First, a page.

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New Organization Hopes to Stick for Cricket in the United States

| February 2, 2018 | 0 Comments

Could cricket finally be on solid footing in the United States? With a new effort backed by the International Cricket Council, it might have a fighting chance.

The sport here has suffered through years of instability caused by disputes between the ICC and the United States of America Cricket Association (USACA). In 2015, the ICC suspended USACA for the third time in 10 years, urging the body to adopt a new governance structure and be more inclusive of the full U.S. cricket community. In June 2017, after those issues couldn’t be resolved, the ICC expelled USACA from full membership.

New group. Into the void stepped ICC Americas. It hired longtime Olympic executive Eric Parthen, the former executive director of USA Boxing and former CEO of USA Taekwondo, as USA project manager to either reform USACA or start anew. After determining that a new entity needed to be formed, Parthen and a small team of employees in Colorado Springs launched USA Cricket, with the goal of becoming the new NGB and leading the sport into a new era. “It’s been a fast and furious few months,” Parthen said, “but we’re slowly ticking boxes.”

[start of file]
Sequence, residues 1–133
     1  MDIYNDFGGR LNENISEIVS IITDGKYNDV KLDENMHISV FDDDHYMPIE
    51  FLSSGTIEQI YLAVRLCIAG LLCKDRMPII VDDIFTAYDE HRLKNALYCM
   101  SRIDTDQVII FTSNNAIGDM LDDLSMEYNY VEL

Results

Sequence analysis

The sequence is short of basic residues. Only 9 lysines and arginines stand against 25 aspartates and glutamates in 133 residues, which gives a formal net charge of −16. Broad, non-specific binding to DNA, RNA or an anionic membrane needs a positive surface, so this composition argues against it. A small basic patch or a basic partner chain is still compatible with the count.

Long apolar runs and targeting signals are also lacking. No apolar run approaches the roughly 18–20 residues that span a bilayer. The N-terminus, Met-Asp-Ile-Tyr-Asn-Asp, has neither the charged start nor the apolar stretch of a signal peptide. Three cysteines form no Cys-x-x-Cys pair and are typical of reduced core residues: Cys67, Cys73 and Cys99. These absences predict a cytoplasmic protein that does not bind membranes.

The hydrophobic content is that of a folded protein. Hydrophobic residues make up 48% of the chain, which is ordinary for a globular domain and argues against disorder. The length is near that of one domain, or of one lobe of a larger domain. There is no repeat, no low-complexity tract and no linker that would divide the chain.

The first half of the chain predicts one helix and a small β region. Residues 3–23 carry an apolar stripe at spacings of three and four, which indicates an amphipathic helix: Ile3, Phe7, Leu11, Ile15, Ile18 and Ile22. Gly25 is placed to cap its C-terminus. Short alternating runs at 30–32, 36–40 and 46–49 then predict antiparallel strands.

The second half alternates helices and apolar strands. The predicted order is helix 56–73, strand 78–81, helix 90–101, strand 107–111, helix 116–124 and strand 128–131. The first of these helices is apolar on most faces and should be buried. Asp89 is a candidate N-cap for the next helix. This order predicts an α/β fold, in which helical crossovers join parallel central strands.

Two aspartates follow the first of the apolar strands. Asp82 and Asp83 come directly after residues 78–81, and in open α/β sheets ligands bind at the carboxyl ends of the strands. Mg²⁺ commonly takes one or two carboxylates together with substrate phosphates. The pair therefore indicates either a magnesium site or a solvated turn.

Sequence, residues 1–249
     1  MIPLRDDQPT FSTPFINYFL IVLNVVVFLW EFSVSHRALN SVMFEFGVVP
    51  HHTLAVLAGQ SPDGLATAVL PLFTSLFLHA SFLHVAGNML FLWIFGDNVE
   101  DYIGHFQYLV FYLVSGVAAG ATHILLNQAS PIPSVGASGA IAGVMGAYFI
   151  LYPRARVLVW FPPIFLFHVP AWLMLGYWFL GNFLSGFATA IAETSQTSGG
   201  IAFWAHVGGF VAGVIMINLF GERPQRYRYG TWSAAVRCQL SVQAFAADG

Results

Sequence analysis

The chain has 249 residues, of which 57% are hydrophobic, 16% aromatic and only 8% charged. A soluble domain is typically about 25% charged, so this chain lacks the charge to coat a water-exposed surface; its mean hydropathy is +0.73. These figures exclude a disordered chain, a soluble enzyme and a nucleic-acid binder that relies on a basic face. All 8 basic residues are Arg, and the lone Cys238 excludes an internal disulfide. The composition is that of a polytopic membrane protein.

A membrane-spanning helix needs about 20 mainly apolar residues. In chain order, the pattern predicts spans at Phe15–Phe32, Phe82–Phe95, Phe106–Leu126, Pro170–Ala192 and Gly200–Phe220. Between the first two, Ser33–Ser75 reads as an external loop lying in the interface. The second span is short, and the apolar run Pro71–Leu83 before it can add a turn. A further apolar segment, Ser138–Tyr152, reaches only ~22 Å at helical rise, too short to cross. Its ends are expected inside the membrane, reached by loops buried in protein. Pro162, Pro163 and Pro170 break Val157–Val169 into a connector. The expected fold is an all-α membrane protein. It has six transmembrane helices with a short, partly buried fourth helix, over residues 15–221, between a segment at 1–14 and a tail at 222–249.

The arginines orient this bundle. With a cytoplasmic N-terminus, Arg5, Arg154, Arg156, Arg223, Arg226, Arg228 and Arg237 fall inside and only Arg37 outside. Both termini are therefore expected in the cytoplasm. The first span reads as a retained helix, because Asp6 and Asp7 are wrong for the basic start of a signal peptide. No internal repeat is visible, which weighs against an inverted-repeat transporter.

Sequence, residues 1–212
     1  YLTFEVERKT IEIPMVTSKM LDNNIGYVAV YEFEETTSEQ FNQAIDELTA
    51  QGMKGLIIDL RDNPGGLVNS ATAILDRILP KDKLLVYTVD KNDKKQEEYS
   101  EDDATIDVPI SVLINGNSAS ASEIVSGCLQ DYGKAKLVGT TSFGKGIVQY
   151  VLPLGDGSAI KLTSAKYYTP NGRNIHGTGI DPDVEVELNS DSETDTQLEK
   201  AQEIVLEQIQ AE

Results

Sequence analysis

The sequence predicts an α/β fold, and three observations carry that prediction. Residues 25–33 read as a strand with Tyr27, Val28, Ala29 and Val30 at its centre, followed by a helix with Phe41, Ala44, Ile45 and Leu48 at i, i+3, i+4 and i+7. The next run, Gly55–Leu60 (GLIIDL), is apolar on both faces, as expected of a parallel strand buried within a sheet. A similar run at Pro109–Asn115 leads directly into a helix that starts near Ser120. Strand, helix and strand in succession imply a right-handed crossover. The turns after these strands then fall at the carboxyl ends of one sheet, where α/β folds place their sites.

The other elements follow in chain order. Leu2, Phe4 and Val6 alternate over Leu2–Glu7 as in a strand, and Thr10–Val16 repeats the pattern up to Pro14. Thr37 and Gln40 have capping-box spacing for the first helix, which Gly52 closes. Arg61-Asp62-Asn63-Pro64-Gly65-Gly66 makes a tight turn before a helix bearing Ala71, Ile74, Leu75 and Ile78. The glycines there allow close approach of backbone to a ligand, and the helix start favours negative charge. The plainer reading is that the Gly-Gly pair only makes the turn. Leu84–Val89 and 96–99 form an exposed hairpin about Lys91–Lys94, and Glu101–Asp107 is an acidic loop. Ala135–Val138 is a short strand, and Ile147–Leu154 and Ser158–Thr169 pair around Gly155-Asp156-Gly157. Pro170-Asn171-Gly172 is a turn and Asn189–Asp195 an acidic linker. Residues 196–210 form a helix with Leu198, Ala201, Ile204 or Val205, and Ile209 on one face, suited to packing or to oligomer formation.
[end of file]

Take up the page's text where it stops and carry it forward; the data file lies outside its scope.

The work ahead won’t be easy. The group has unveiled a new logo and website and has been promoting the U.S. national team on social media. A new constitution is done, a membership drive began in January, and a new board of directors will be elected in April or May. Then, USA Cricket will seek official recognition as the national governing body from the ICC board in June. If the timeline is not met, it will need to wait another year for the ICC’s annual meeting in 2019. “It’s definitely not a rubber stamp,” said Parthen.

Fan base. Statistics show big potential for cricket’s U.S. growth, including large expat populations from countries such as India, where the game is popular. Parthen said the ICC estimates that there are at least 200,000 active cricket players in the United States, as well as 15 million more Americans who identify themselves as fans. He believes the sport is turning a corner, noting that Microsoft recently announced it will build a cricket pitch at its U.S. headquarters.

“The good thing about the U.S. sports fan is that by nature we’re pretty curious about sport, especially team sport,” Parthen said. “I think there are potential fans out there, but I think there are also potential players out there.”

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Category: Governing Body Dossier, National Governing Body

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